A tycoon who helped fund Boris Johnson’s Tory leadership campaign secured lucrative contracts by paying more than £2million in bribes, court papers allege.
Conservative Party donor Giuseppe “Joe” Ricotta was accused of handing monthly payouts to two businessmen, or firms or people linked to them. They were claimed to be in positions to secure deals for his transport business or help him secure its sale to a rival at a “significantly inflated price”.
BFS Group, part of giant Bidvest, claims it bought Mr Ricotta’s PCL for £45million in 2015 when its true value was allegedly “negligible or nil”. BFS sued and in court papers alleging “fraud, concealment, dishonesty, and/or deliberate non-disclosure”, the firm said: “Mr Ricotta has the propensity to make secret payments to those in a position to influence business decisions.”
The case against Mr Ricotta, 53, and his wife and daughters was settled out of court. He denied any wrongdoing and it is not thought the authorities were alerted to the alleged crimes.
But Labour MP Andy Slaughter has now passed the claims to the Serious Fraud Office, saying: “These are serious allegations.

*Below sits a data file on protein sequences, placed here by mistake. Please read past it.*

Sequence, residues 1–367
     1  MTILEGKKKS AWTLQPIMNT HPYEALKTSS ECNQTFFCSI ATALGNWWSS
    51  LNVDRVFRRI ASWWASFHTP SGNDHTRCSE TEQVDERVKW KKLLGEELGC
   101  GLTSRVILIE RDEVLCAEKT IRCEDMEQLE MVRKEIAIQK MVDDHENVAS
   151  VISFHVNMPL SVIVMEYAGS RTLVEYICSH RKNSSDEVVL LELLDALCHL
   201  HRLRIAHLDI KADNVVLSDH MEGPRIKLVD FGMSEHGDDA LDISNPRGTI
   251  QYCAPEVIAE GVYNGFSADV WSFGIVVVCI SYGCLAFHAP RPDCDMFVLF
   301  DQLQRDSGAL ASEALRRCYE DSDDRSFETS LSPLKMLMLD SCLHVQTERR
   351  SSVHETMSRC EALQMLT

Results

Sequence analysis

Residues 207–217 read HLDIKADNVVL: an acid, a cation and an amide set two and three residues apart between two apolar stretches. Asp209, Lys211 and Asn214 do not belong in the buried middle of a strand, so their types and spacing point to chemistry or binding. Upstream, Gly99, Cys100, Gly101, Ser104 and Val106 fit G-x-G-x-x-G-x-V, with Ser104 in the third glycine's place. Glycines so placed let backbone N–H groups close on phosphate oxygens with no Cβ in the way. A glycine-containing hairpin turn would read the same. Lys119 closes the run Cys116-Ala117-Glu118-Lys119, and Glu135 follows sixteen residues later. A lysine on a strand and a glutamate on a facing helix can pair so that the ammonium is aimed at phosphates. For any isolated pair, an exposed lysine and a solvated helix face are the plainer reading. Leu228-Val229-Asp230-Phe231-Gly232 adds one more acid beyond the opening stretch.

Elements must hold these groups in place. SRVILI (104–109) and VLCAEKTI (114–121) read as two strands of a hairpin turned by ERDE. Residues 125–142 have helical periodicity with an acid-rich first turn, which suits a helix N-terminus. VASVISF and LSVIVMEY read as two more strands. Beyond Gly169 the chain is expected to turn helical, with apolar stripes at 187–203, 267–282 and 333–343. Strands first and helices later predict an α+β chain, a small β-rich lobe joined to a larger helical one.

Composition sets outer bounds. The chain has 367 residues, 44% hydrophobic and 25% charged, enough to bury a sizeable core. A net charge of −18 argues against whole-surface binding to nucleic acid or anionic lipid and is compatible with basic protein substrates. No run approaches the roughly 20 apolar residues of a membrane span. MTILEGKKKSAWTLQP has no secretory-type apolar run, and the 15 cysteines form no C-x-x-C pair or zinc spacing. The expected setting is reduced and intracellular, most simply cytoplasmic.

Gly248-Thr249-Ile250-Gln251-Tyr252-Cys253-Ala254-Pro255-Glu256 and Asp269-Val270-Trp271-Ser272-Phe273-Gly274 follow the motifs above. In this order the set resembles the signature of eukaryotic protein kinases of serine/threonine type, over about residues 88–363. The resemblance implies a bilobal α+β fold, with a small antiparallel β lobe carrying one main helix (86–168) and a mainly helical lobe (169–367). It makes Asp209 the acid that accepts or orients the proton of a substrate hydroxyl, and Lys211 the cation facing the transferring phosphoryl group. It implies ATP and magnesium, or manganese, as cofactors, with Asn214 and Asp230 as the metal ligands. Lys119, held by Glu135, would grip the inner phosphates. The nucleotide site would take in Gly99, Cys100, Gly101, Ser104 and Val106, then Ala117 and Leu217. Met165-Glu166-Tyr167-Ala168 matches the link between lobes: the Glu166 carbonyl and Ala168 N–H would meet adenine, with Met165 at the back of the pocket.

“I don’t know if they are true but they should be examined and a full investigation launched if merited.”
Mr Ricotta, from a Sicilian family, is a patron of Westminster Italian Conservatives. He donated £10,000 to Mr Johnson’s war chest in July and previously gave the party £30,000.
He has been snapped meeting the PM and fellow Tories Sajid Javid , Priti Patel, Dominic Raab , Theresa May and Michael Gove .
The two individuals Mr Ricotta is accused of bribing quit their posts shortly after the claims surfaced. He set up PCL in 2009 and the papers allege that “from incorporation, the substantial majority of turnover came from one client: Arla Foods Limited”.
BFS claimed Mr Ricotta or his firms made “secret payments” to a senior Arla employee and people linked to him “to secure a lucrative contract”. This allegedly included a villa in Marbella or a “contribution to the cost of it”, regular cash payments and money paid into a firm owned by the Arla employee’s wife.
Alleged funds handed over from 2013 to 2015 were said to total £745,000.
The papers state it can also be inferred they were “to ensure Arla’s approval to the change of control of PCL”. Arla said: “There is no allegation that anyone else in Arla was aware of the alleged payments and no conclusive evidence of wrongdoing by [the employee] was found. [The employee] left in 2016 shortly after these allegations came to light.”
Other one-off sums allegedly included £210,000, £518,400 and £531,600 to a firm owned by Mr Foley’s associates. Mr Foley quit in October 2015 after he was confronted with the bribery claims, which he “vigorously contested”.
In his defence statement, Mr Ricotta’s lawyer said in April 2017: “The claims are entirely denied… there were no bribes.”